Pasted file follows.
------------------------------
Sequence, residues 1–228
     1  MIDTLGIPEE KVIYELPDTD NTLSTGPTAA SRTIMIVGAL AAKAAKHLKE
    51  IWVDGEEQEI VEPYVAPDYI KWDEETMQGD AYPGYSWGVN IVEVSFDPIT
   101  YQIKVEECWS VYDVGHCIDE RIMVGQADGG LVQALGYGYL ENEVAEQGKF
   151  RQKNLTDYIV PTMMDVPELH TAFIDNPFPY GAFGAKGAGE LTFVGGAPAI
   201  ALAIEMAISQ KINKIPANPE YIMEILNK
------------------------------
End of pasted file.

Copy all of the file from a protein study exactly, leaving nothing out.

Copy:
Sequence, residues 1–228
     1  MIDTLGIPEE KVIYELPDTD NTLSTGPTAA SRTIMIVGAL AAKAAKHLKE
    51  IWVDGEEQEI VEPYVAPDYI KWDEETMQGD AYPGYSWGVN IVEVSFDPIT
   101  YQIKVEECWS VYDVGHCIDE RIMVGQADGG LVQALGYGYL ENEVAEQGKF
   151  RQKNLTDYIV PTMMDVPELH TAFIDNPFPY GAFGAKGAGE LTFVGGAPAI
   201  ALAIEMAISQ KINKIPANPE YIMEILNK